Of course you want to remember everything about your wedding day, not to mention each and every beloved person who was there to help you celebrate. But do you really want to gather those precious signatures in a boring ol’ book that will likely end up on a shelf somewhere gathering dust? These Connecticut brides most definitely did NOT, and it’s our hope that their creative, and very personalized alternatives to traditional guest books will inspire you to come up with an extraordinary idea of your own — just don’t forget to send us a picture!
Nutmeggers Jaclyn Albino and Kyle Vitkovsky were married atop Vermont’s Killington Resort on June 21, 2019. In lieu of a traditional guest book, master craftsmen/artisan/close family friend Steve Garceau of Reworx in Watertown created a snowboard from reclaimed American chestnut, oak and elm for the avid boarders’ guests to sign. The handsome, full-size wooden board is the real deal, in fact, “if you wanted to, you could screw bindings to it and ride it,” Garceau says. The Vitkovskys, however, have other plans for their unique momento: the newlyweds are expecting a baby girl in April and plan to use the snowboard as a shelf in their daughter’s nursery. All together now: “Awww…”
“It’s always super important [to us] for our clients to be able to ‘use’ or enjoy their guest book in some way,” says Lindsey Anrico of Amy Champagne Events in Westport. Michelle Glienke and David Soiles’ camp-themed Sept. 14, 2019, wedding at Camp Taconic in Hinsdale, Massachusetts, was held in what is known as the camp’s playroom, where guests were surrounded by banners and posters from past camp productions. Buffalo-based Oxford Pennant designed a custom wool-felt pennant for Michelle and Dave’s guests to sign that fit the space “seamlessly” Anrico says, and is now framed and on permanent display in the couple’s own home.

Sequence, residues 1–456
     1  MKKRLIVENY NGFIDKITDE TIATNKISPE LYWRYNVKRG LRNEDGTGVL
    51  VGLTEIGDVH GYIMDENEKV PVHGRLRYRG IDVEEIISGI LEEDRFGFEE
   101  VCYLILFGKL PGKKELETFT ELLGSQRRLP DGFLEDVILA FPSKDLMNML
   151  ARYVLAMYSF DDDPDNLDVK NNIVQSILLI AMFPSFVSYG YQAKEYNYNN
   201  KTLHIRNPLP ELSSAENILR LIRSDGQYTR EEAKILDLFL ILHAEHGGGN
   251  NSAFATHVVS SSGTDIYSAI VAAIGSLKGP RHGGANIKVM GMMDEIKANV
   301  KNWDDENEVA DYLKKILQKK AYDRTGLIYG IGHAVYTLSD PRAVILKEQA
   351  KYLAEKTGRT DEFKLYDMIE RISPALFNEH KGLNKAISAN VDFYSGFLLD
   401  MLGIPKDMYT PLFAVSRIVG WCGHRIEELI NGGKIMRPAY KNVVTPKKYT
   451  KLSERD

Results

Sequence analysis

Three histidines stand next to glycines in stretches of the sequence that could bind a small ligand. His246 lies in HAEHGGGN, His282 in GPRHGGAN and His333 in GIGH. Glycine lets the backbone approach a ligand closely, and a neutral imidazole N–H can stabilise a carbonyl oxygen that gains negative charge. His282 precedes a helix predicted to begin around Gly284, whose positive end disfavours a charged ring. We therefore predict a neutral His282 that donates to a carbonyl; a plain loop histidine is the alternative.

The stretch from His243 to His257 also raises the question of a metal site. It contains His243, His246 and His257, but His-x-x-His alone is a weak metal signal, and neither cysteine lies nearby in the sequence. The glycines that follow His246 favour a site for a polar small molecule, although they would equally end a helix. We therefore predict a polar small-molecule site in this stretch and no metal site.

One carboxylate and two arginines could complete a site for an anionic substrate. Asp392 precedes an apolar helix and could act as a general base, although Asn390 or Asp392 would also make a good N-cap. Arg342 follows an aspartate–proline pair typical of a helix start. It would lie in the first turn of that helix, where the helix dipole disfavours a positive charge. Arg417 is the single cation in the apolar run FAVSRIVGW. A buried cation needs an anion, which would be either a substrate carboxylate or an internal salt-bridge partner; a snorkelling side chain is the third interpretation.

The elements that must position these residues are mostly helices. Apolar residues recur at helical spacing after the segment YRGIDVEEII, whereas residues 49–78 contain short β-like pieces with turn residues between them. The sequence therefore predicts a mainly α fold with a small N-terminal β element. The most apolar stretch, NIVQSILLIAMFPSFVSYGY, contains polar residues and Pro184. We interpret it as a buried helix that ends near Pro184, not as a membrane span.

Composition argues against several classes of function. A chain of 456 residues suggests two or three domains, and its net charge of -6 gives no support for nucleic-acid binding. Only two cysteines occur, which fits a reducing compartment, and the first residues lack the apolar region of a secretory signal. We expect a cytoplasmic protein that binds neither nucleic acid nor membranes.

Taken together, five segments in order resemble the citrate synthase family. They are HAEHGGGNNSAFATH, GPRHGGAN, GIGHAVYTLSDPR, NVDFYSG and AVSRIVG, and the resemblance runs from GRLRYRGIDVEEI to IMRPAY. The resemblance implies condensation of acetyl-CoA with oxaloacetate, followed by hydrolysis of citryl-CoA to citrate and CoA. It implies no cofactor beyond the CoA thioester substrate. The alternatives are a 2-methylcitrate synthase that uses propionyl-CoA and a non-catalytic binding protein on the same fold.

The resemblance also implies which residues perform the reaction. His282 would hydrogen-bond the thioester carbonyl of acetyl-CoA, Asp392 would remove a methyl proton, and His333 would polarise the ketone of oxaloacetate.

Jaya Wen and Henry Linder asked guests to sign their names on a stretch of fabric displayed at their July 6, 2019, nuptials at New Haven’s Union League Café. As a sign posted by the bride and groom explained, the signatures would later be embroidered and the fabric made into a tablecloth. The plan: “Every year — on our anniversary — we’ll lay down our tablecloth, remember this wonderful day, and continue to dine with our friends,” Henry and Jaya promise.
Angela Misurelli and Brian Platt said their “I dos” on Aug. 13, 2016, at a private residence in Wolcott. It was a “casual, outdoor, tented wedding,” remembers event coordinator Carisa Lockery of Pink Olive Events in Cheshire, and in keeping with this approach, the fun-loving couple chose to have their guests sign Jenga pieces to “help build memories.”
Heather Porriello and Nicholas Gottier love to travel. In fact, “the theme of decor in our home is maps,” says Heather — particularly framed maps of the places the couple has visited together. For their Sept. 14, 2019, wedding at Madison’s Camp Laurelwood, the globetrotters found a watercolor map of the world on Etsy that they asked each guest to sign.
Wedding planner Sarah Brehant of Brehant Creations Events in Willimantic calls the pine bench her company built for the wedding of Taylor Herold and Anthony DeMatos at The Red Barn at Hampshire College in Amherst, Massachusetts, on June 1, 2019, as her “favorite by far” of all the “guest book” options she’s seen. “Instead of having a guest book you put away, or take out to look at every few years, this ‘guest book’ is functional and a work of art,” Brehant says.